With the nation mourning the victims of the sickening hate attack that killed more than 50 people at a gay nightclub in Orlando last night, our shock was compounded as we learned that it could have happened again. Police in Santa Monica, CA arrested a man this morning who appeared to be planning an attack on the LA Pride parade in nearby West Hollywood.
Santa Monica police officers reportedly received calls about a suspicious vehicle around 5 am this morning and, upon investigating, discovered “an arsenal” including several assault weapons, explosive powder, and tactical gear in the car. Police spokesman Saul Rodriguez announced that the suspect was from Indiana, and, although he cautioned that police were “not aware of what the suspect’s intentions were at this point,” he apparently made comments about being in town for the LA Pride festival and about “meeting a friend there.” The LA Pride Parade, a mainstay of the city’s gay community, was scheduled for today as part of Pride Month festivities, and the parade went forward with increased security.
The suspect, who has not been named, is white. While we regret the need to descend into such cynical identity politics and racial and ethnic details should not inform our understanding of hatred and violence, it is a pertinent reminder in the face of shocking right-wing Islamophobia that hatred is not bound by race, religion, or any other factional identity. While conservatives across the country were quick to blame Islam for the Orlando shooting, we can rest assured that no similar sweeping indictment of the white race or the Christian religion will result from the arrests in Los Angeles.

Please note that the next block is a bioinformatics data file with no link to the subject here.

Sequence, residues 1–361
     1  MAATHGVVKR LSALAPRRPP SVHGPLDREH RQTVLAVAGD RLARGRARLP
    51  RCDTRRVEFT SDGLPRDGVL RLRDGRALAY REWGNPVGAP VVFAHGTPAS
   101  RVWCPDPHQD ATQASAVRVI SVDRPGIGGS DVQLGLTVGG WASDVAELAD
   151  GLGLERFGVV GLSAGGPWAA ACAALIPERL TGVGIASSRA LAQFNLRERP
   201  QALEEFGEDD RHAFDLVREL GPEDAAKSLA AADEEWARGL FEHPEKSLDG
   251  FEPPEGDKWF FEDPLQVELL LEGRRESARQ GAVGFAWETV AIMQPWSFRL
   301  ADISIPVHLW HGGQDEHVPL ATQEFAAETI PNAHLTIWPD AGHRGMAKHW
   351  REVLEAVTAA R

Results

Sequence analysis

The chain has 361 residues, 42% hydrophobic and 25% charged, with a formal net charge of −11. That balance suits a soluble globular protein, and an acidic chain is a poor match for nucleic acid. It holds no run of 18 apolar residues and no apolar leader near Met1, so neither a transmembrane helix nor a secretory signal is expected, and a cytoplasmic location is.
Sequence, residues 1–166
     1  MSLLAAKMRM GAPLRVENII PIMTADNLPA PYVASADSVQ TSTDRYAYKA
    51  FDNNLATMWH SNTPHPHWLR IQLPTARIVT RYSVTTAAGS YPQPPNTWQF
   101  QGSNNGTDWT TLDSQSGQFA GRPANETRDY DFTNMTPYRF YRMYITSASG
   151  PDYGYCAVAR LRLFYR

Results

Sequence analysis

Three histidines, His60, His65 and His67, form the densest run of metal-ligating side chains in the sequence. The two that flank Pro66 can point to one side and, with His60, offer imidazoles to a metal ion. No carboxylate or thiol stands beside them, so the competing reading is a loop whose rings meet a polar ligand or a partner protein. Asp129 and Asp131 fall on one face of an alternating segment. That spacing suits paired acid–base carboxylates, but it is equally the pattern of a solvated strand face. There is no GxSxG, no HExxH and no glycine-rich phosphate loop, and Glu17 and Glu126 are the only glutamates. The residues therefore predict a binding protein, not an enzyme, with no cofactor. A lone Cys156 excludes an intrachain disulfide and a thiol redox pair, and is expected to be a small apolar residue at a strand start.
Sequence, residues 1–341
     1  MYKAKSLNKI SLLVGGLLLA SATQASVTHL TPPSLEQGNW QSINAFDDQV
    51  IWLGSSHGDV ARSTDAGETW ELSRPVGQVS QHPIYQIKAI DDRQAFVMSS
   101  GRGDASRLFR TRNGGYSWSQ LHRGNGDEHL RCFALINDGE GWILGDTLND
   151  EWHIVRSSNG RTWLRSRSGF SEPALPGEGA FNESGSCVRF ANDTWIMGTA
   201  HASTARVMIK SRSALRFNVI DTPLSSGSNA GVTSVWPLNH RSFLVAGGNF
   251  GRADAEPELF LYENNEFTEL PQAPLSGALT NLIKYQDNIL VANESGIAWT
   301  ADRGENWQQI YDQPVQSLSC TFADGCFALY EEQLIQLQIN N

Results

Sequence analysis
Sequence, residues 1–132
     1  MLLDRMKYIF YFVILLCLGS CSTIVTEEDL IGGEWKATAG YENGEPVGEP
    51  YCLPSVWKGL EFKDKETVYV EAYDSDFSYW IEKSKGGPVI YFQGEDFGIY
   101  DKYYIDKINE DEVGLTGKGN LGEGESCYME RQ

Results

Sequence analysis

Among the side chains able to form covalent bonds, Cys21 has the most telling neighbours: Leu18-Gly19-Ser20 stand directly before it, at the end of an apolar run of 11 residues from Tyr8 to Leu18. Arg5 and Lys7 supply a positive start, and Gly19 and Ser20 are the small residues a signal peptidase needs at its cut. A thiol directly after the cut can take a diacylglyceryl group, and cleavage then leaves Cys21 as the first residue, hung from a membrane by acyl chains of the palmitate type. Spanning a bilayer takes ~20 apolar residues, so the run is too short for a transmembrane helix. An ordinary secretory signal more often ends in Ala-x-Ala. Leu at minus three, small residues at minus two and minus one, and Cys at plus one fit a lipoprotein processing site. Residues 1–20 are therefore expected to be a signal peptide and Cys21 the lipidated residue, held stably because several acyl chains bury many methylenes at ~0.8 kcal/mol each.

Indeed many conservatives’ condemnations of the attacker’s anti-LGBT bigotry are difficult to reconciled with the religious right’s own homophobia and the contradiction has led to some astoundingly hypocritical statements from Republican politicians. What ultimately becomes clear as a result of both the attack in Orlando and the foiled one in Los Angeles is that the bigoted rhetoric of religious demagogues from Abu Bakr al-Baghdadi to Mike Huckabee has real and tragic consequences for society’s most marginalized. In attacking the LGBT community in Orlando, the cowardly terrorist was punching down at the most vulnerable, whom he had been taught to fear and hate by a reactionary Islamic fundamentalist ideology.
In the aftermath of such a vicious and inhuman attack we have to reflect on ourselves as a nation. Besides the absolutely critical need to ban military grade weapons like those used in the attack, one of the questions we need to be asking is the degree to which the attacker’s hatred is reflected in our own society, and, as the foiled plot in LA shows, the answer is alarming.
James DeVinne is a student at American University in Washington, DC majoring in International Service with a focus on the Middle East and South Asia. He is a founding member of Occupy Baltimore and interns at the Tahrir Institute for Middle East Policy.